Hello, I hope you had a great weekend!
I just spent 3 days last week campaigning in New Hampshire. I met with the Editorial Board of the Conway Daily Sun and spoke to the Plymouth Democrats, which was broadcast on C-SPAN. I was accompanied for much of the trip by Steve Marchand, who ran for governor of New Hampshire in 2018.
I learned a lot. There’s a high school in northern New Hampshire that had only 4 students in its graduating class. Some of the towns in the north have lost as much as half of their population in the past twenty years. An Ethan Allen furniture manufacturing plant and a paper mill both closed in the past number of years, impacting hundreds of workers each. When the plants closed, new jobs were hard to come by and many people left.
Northern New Hampshire is heavily rural. It’s beautiful country. But the issues facing the region are similar to those facing other rural areas. Brian Bresnahan told me that opioid addiction is rampant. New Hampshire has the 3rd highest rate of opioid addiction and overdoses in the country, about two times the national average, right behind West Virginia and Ohio.
What is the path forward for these towns? It may be one of the central challenges of the 21st century. We need to do all we can to address this challenge for the sake of our shared future.
I also spent time with Fred Ramey, an ex-convict who coaches other ex-convicts on how to re-integrate into society. He has an inspiring story—he is now a truck driver and small business owner who is thriving. He spent 3-and-a-half years in jail for stealing cars as a teenager and struggled with substance abuse throughout his twenties. He suggests providing businesses with tax incentives to hire ex-convicts to give people a second chance. I love the idea, but I have a feeling that it won’t be enough. Businesses aren’t designed to give people second chances, and it’s going to get tougher and tougher for many people with a criminal record to get their foot in the door.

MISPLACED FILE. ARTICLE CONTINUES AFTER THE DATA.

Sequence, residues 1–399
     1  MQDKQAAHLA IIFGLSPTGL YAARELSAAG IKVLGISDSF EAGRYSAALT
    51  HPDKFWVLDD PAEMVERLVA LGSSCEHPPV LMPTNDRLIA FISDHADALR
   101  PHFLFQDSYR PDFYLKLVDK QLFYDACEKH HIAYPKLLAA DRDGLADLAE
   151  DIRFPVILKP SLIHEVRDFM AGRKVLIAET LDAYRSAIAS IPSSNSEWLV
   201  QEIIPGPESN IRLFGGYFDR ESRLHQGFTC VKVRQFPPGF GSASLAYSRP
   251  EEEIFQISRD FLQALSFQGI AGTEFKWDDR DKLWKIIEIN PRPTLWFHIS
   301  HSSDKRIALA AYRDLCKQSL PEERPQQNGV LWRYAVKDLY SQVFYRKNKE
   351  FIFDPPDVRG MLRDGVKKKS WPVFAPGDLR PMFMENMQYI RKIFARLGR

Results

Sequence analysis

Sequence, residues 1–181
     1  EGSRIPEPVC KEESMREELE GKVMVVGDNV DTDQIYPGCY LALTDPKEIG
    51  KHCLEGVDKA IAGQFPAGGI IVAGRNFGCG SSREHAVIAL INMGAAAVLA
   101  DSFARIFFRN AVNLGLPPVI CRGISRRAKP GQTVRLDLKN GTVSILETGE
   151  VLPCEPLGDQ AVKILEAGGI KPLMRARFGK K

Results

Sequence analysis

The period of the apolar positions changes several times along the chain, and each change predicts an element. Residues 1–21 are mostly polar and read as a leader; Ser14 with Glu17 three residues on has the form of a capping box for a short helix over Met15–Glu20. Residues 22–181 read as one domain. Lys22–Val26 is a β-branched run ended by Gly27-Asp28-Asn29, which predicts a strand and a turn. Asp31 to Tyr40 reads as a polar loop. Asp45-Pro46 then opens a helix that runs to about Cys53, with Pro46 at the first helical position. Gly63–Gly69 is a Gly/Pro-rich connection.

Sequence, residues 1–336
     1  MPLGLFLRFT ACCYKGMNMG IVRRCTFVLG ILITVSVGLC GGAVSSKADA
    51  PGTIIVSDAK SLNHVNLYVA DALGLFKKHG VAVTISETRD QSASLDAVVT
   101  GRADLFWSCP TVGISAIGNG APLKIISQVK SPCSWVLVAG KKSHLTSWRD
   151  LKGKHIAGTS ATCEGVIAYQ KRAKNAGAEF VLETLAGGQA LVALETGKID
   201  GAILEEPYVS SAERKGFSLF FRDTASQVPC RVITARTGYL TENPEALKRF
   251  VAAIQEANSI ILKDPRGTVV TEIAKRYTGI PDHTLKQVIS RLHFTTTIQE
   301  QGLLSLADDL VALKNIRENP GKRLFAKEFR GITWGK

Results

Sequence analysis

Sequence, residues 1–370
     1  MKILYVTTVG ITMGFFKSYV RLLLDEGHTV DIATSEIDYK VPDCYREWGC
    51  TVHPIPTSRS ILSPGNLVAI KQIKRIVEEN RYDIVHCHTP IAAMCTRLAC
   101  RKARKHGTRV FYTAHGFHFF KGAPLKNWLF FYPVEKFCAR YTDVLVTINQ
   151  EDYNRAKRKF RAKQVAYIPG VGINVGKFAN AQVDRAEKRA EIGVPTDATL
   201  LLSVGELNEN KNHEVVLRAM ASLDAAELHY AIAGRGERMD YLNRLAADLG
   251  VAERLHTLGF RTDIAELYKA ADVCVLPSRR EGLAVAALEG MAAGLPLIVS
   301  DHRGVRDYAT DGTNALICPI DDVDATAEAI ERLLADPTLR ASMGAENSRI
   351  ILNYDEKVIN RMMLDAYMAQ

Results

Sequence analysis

The trip wasn’t all work. I went snowmobiling for the first time with Steve, which was a lot of fun.
New people are discovering the campaign all of the time. Jimmy Fallon and Stephen Colbert all featured the campaign in their monologues, and the New York Times, CNBC, FiveThirtyEight, and others wrote features about us this week. FiveThirtyEight now considers me a ‘major candidate’ and the New York Times broke the news that we are exploring having a hologram of me traveling the battleground states in the Midwest so I can be in multiple places at once.
TONIGHT we head to Chicago for a big rally. If you have friends there, let them know! It’s an exciting time on the campaign.
A few fun things for you:
First, we just released MATH Hats, yard signs, and posters in our store. We sold over 1,000 MATH Hats in their first day on sale so they are quite the hot seller. Grab your gear today and let’s Make America Think Harder.
Second, my book The War on Normal People releases on paperback on April 2nd. It looks like we are in striking distance of the bestseller list. If you’re looking for a gift, it would make a great one. (Amazon | Local Independent Booksellers)
Last and most importantly, March 31st is a filing deadline for the campaign and we need to show that we are serious. We have raised over $1.1 million since Feb 12 from almost 70,000 different donors with an average donation of under $20. We want to get the first two of those numbers up—we are targeting 200,000 donors by the June debates. So if you were planning on giving to the campaign or bugging a friend, now is the right time. We’ll have some fun ideas coming out this week to rally the Yang Gang around this, and note that swag purchases count as donations.
Thank you for your belief and support. It means the world to me and the team. You all have given us the chance to make history. Let’s take full advantage of it.
Your grateful candidate,